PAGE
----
If you’re gearing up for a longer race, like a half marathon or marathon, your race day nutrition (or pre-race nutrition) strategy may look a little different. I don’t think it’s necessary to count carbohydrate and overly focus on it, but if you are a numbers person, the general recommendation for pre-exercise carbohydrates is 1-4 grams of carbohydrates per kg of body weight, which has been shown to enhance endurance or performance of a prolonged exercise.
I will say, most of my clients tend to not get enough carbohydrates in their diets.
For me, I prefer to have an average-sized breakfast (like mentioned above) 2-3 hours before and then a smaller snack closer to the starting time. For the smaller snack, it’s strictly carbohydrate-based, ideas below.
Smaller snack ideas:
If you’re someone who doesn’t like anything in your stomach before a race, consider liquid carbohydrates. While Gatorade is always an option, some people prefer less sweet electrolyte beverages or you can make your own. Tailwind is one of my favorites for carbohydrates, calories and electrolytes, but there are others on the market too.
The last thing I’ll say about this is that, if you’re running in the morning (which most races are), you do want to have something in your tank. According to the Position Paper from the Academy of Nutrition and Dietetics, “carbohydrate consumed in meals and/or snacks during the 1-4 hours pre-exercise may continue to increase body glycogen stores, particularly liver glycogen levels that have been depleted by the overnight fast.”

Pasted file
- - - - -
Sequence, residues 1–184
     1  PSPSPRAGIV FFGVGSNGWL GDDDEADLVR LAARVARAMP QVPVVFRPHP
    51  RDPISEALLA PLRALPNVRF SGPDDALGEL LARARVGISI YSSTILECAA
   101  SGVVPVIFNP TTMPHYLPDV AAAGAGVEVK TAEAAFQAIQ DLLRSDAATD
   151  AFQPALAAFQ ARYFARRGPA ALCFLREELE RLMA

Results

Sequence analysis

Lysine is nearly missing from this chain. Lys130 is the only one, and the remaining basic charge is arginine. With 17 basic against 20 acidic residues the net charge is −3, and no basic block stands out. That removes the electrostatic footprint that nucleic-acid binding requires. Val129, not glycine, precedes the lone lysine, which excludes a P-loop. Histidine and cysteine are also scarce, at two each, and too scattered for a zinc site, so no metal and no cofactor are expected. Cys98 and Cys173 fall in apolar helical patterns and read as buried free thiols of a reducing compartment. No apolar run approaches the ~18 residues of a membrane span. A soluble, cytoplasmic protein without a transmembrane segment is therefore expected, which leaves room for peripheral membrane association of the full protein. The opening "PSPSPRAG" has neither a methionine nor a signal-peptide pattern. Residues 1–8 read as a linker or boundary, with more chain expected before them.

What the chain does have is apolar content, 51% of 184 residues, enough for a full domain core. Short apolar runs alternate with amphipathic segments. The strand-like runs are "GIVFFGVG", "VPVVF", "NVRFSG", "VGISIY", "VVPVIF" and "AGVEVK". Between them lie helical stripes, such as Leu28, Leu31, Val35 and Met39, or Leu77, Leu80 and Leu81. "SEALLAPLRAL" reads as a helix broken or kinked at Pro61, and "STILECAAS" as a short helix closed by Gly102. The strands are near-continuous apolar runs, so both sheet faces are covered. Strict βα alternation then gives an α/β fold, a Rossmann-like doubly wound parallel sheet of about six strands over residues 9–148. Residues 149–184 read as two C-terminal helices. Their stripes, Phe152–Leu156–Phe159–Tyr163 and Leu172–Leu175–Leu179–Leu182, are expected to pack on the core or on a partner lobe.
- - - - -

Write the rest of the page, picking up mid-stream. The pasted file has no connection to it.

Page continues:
Race Day Nutrition Fueling: Fueling During a Race
Probably not necessary. Generally speaking (assuming you had a balance pre-race snack and eat sufficient carbohydrates in your daily diet), you should have sufficient muscle glycogen stores to last the race.
However, if you’re someone who doesn’t eat anything in a pre-race meal (see above why I don’t recommend that), maybe you do include something small right before the start or within the early miles. You would want this to be something quickly digested (simple carbohydrates), so a gel would be ideal. I love the Gu salted watermelon for a one and done.
But, I will say that shorter runs can be a great time to train the gut to take in fuel before longer runs and races.
Unless you’re doing an ultramarathon or very long distance race, you probably don’t need to ever take in anything other than carbohydrates (and electrolytes and water) during a race or run. Protein, fat and fiber will only serve to slow digestion and may lead to cramping and stomach discomfort.
Carbohydrate intake during exercise can provide many performance benefits, such as preventing hypoglycemia (low blood sugar), preventing depleted glycogen stores, and there’s even research that just a mouth rinse of something carbohydrate-based can activate reward centers in the central nervous system, which may enhance performance and pacing strategies. This is what some of the newer research has found but I’m sure there’s lots more to come.